The ground ring 89 is separated electrically and physically from the capacitor plates 23, 24 by a first passivation layer 90 that also physically separates and electrically insulates the first capacitor plate 23 from the second capacitor plate 24. The first passivation layer 90 can be composed of many known dielectric materials, such as phosphorous doped glass (PSG), silicon dioxide, silicon nitride, and silicon oxynitride. A second passivation layer (not shown in FIG. 8) is deposited on the capacitor plates 23, 24, ground ring 89, and first passivation layer 90 and acts as the dielectric insulating layer 25 shown in FIGS. 2 and 4. The average distance between the first and second capacitor plates 23, 24 and the embodiment shown in FIG. 8 generally is between 0.5 and 4 μm which is similar to the typical thickness of the insulating layer 25.
The total feedback capacitance experienced by the inverter amplifier 13 (FIG. 2) is composed of a first direct capacitance between the first capacitor plate 23 and the object, a second direct capacitance between the second capacitor plate 24 and the object, and a fringing capacitance between the first capacitor plate 23 and the second capacitor plate 24. The first and second direct capacitances vary according to the respective areas of the upper faces of the first and second capacitor plates 23, 24 as described in Equation 1. As such, increasing the areas of the capacitor plates 23, 24 increases the total capacitance, which provides more sensitivity and a greater dynamic range for the sensor device 1. The fringing capacitance varies according to the perimeter values for the first and second capacitor plates 23, 24, that is, a total length of the perimeters of the capacitor plates. The widths of the top surfaces of the capacitor plates 23, 24 generally is an order of magnitude greater than the depth of the sides of the capacitor plates, and thus, the direct capacitances generally contribute more to the total capacitance than the fringing capacitance.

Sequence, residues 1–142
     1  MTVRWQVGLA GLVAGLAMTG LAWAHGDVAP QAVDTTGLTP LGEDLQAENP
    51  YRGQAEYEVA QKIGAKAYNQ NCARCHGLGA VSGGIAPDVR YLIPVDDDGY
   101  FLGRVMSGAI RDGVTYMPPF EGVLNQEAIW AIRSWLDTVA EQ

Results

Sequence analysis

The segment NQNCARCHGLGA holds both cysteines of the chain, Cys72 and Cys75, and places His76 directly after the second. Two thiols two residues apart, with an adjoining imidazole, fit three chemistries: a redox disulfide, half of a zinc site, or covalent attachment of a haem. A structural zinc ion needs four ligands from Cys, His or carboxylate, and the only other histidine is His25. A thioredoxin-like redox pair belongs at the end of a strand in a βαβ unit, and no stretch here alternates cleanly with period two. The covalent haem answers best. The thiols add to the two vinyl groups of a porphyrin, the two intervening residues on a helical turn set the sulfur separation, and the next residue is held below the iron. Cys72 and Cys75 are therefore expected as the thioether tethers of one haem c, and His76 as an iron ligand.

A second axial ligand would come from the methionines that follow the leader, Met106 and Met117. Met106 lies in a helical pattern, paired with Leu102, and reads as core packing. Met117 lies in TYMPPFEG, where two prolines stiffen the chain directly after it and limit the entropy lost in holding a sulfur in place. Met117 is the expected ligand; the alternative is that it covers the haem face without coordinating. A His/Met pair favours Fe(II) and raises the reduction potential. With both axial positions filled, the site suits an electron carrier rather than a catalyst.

Based on experiments done to date, it appears that objects adjacent to the sensor device 1 affect both the direct capacitances between the capacitor plates 23, 24 and the object and the fringing capacitance between the capacitor plates. As such, increasing the total perimeter of the capacitor pattern, assuming the total area does not change, will cause the sensor cell 2 to detect the distance between the sensor cell and the object to a greater degree due to fringing capacitance. This may explain why patterns with higher total perimeters appear to be more sensitive to objects smaller than an individual sensor cell 2, such as molecules.
A second embodiment of the sensor cell 2 is shown in FIG. 9. In the embodiment shown in FIG. 9, the first capacitor plate 23 has several fingers 91 that are interdigitated with fingers 92 of the second capacitor plate 24. A first connecting segment 93 connects the fingers 91 of the first capacitor plate to each other and a second connecting segment 94 connects the fingers 92 of the second capacitor plate to each other. As in FIG. 8, the first capacitor plate 23 is separated from the second capacitor plate 24 and from the ground ring 89 by the first passivation layer 90. In addition, the first capacitor plate 23 has several faces that face corresponding faces of the first capacitor plate. As can be seen, the total perimeter for the capacitor plates 23, 24 in the pattern shown in FIG. 9 is greater than the total perimeter of the capacitor plates 23, 24 in the pattern shown in FIG. 8. As a result, the interdigitated pattern shown in FIG. 9 likely will have greater fringing capacitance than the pattern shown in FIG. 8. In addition, the interdigitated pattern of FIG. 9 will have a greater sensitivity to smaller objects, such as water vapor, than the pattern of FIG. 8. However, the pattern of FIG. 8 generally will be more robust and cost less than the interdigitated pattern of FIG. 9 because of the complicated nature of the interdigitated pattern.
A third embodiment of the sensor cell 2 is shown in FIG. 10. The first capacitor plate 23 includes two rectangular portions 96, 98 positioned in diagonally opposite first and second sections of the sensor cell 2 and are connected by a connector portion 100. Similarly, the second capacitor plate also includes two rectangular portions 102, 104 positioned in diagonally opposite third and fourth sections of the sensor cell 2 and are connected by a second connector portion 106. To avoid shorting the capacitor 23, 24, one of the connector portions 100, 106 is positioned in a lower metal layer than the other connector portion with a passivation layer (not shown) electrically insulating the two connector portions. As in FIGS. 8-9, the first capacitor plate 23 is separated from the second capacitor plate 24 and from the ground ring 89 by the first passivation layer 90. In one of the pattern shown in FIG. 10, each capacitor plate 23, 24 is approximately 441 μm2, for a total capacitor area of 882 μm2.